Don’t be fooled by NYC’s mayor praising Bitcoin — he’s just shilling an ICO

New York City's incoming mayor Eric Adams pandered to Bitcoin fans last week when he said he'd take his first few salaries in BTC.

“I love Bitcoin; buy my altcoin!” is an all-too-familiar refrain. This week, incoming New York City mayor Eric Adams repeated it.

Shortly after recognizing the benefits of Bitcoin last week, mayor-elect Eric Adams went on to pitch “NYC Coin,” his city’s response to MiamiCoin.

Adams promised to support the crypto industry in New York City, saying he’d “look at what’s preventing the growth of Bitcoin and cryptocurrency in our city.”

He also said he would promote talent for crypto-related jobs “because we can’t have a one-sided city where certain groups and areas are doing well.”

Adams then pledged to take his first three mayoral salaries in Bitcoin.

Disambiguation: a dodgy crypto called New York Coin (NYC) has existed since 2014. It has no ties to NYC Coin nor any New York government. Listed on four obscure exchanges, it rarely trades more than $1,000 daily.

New York City mayor-elect Eric Adams went big with THREE paychecks in Bitcoin!

Like MiamiCoin (MIA), Adams’ NYC Coin will be built on a Stacks (STX)-based platform called CityCoins that uses some features of Bitcoin (BTC) with multiple security trade-offs

For those counting, that is three altcoins, all of which are used in the day-to-day operation of all CityCoins, including MiamiCoin and NYC Coin — so Adams’ pitch is far from just “Bitcoin.”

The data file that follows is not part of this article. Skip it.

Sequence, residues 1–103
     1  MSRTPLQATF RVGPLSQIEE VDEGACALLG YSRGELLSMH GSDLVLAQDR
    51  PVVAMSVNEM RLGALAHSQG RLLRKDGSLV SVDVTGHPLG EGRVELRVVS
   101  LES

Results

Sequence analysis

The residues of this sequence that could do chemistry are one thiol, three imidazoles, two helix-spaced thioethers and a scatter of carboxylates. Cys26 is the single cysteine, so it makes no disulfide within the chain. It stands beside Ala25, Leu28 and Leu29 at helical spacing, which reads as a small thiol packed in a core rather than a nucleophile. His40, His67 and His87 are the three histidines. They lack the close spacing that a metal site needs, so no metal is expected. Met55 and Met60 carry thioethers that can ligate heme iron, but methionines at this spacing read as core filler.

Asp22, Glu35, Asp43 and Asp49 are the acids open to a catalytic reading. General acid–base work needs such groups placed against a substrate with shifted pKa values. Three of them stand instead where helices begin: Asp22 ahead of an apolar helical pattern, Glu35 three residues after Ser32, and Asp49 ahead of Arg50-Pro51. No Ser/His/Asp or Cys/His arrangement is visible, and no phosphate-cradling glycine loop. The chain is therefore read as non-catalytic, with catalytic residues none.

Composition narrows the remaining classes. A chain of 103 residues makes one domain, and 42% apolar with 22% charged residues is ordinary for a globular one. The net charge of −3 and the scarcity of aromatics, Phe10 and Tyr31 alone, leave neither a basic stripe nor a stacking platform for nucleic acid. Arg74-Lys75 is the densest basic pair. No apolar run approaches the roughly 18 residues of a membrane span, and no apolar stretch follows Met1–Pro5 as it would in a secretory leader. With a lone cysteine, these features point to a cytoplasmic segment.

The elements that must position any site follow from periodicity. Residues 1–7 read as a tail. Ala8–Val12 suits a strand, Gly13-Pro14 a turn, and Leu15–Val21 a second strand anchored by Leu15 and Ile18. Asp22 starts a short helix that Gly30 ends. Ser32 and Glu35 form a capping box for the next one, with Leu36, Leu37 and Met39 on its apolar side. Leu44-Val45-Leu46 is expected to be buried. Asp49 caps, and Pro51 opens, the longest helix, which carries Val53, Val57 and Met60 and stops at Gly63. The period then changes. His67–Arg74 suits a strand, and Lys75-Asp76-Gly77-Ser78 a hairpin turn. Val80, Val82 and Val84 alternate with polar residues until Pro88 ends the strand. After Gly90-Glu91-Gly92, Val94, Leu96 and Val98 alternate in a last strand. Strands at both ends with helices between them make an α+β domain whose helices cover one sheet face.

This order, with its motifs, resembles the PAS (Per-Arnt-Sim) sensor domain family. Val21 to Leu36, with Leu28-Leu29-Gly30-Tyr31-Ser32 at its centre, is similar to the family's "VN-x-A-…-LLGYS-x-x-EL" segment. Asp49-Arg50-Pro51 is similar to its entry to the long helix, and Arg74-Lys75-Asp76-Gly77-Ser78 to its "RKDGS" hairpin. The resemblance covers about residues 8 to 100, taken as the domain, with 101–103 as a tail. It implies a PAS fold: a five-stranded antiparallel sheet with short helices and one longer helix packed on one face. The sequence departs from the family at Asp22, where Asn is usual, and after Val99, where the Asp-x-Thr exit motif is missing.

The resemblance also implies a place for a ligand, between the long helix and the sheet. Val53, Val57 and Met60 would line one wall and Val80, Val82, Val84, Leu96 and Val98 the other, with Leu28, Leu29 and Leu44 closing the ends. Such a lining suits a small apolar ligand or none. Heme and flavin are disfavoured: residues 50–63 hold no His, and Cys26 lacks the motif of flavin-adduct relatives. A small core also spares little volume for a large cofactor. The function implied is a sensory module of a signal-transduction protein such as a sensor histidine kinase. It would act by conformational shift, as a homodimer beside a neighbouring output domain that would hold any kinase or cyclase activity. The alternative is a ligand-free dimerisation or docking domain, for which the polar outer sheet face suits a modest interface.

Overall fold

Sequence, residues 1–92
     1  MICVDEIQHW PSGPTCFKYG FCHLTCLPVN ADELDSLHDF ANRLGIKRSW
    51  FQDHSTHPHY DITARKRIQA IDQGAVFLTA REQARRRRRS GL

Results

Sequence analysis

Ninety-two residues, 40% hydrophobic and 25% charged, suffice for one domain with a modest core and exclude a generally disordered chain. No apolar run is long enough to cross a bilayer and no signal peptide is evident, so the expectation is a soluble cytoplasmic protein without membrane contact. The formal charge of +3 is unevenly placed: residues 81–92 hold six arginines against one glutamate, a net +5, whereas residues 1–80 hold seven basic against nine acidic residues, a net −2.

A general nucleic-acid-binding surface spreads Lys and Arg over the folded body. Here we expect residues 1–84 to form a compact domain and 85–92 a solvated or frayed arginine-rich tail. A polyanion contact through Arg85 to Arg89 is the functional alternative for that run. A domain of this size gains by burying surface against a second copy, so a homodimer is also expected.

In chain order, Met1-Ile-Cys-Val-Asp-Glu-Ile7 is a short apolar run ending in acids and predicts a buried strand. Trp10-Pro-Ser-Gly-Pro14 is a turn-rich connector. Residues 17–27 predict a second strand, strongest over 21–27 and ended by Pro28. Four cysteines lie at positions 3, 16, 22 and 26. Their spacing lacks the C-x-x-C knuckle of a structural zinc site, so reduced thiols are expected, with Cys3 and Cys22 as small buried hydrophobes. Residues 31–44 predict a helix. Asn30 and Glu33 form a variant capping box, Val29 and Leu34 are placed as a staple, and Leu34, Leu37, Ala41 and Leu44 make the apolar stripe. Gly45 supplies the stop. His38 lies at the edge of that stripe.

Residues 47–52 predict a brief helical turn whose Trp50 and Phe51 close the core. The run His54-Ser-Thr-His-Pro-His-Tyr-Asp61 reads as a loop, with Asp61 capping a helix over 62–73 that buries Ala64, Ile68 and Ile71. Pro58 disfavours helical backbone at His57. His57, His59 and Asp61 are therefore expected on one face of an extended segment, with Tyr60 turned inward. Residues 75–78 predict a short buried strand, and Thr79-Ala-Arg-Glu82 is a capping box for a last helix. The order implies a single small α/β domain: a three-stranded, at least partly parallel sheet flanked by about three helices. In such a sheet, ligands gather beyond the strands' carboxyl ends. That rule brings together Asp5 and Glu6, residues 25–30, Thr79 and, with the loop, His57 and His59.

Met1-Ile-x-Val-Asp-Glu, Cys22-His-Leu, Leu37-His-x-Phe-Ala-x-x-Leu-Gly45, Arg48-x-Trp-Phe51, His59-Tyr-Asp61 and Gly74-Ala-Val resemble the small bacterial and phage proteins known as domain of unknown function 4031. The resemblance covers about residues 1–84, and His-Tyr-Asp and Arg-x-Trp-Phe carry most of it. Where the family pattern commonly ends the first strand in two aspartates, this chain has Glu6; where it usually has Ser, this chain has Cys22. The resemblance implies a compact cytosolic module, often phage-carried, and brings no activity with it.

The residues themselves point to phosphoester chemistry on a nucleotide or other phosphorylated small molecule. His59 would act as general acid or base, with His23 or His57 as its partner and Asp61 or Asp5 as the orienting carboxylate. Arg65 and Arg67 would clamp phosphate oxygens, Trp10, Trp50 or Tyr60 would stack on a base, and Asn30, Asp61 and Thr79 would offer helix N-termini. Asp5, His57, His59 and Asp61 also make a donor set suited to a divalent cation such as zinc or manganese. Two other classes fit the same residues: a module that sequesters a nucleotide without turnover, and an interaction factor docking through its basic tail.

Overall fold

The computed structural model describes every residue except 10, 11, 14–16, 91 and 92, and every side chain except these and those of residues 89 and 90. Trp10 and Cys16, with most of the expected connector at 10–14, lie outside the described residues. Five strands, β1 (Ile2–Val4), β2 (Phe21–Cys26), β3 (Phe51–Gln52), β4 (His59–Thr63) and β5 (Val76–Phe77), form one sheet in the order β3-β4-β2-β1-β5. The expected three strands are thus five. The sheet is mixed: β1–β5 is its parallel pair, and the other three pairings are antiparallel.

New York City mayor is borrowing Bitcoin’s credibility

CityCoins are ostensibly customized to benefit specific municipalities like New York City.

But in reality, CityCoins simply apportions an arbitrary percentage of token sale proceeds to the city for marketing purposes and to justify claims of “giving back to the community.”

CityCoins then compounds risks for investors by offering egregious yields such as MiamiCoin’s 430% floating-rate APY, daisy-chaining multiple tokens together into yield-farming protocols, encouraging staking with China-founded centralized custodians like OKCoin, and borrowing credibility from Bitcoin.

Adams said that he wants NYC Coin to have “friendly competition” with MiamiCoin.

In a Bloomberg interview, he said NYC Coin would be one part of an overall plan to improve New York City’s ability to attract and retain crypto businesses.

‘We’re too bureaucratic, too expensive, and too difficult to do business,” Adams admitted.

According to CoinMarketCap, traders can only buy MiamiCoin on OKCoin. OKCoin is gaining lucrative new US sign-ups due to this exclusive listing, but it has not disclosed its financial relationship with MiamiCoin’s promoters.

OKCoin advertises an APY of up to 430% for MiamiCoin holders, but admits that this yield will fluctuate with the price of both STX and MIA. MiamiCoin also refuses to report its max supply and number of tokens outstanding.

MiamiCoin has been volatile since its launch in late August.

Read more: [Forget Shiba Inu and Dogecoin, these 5 ancient dog coins got there first]

Adoption of MiamiCoin by Miami area businesses is negligible. Protos reporters living in the city have never seen MiamiCoin used by any local businesses.

There are, of course, billboard advertisements encouraging residents to buy MiamiCoin on 

A billboard truck parked at Ocean Drive and 5th Street last night claimed, “$19,608,083 contributed to your city by MiamiCoin.”

So, if NYC Coin will be anything like MiamiCoin, prepare to be disappointed.

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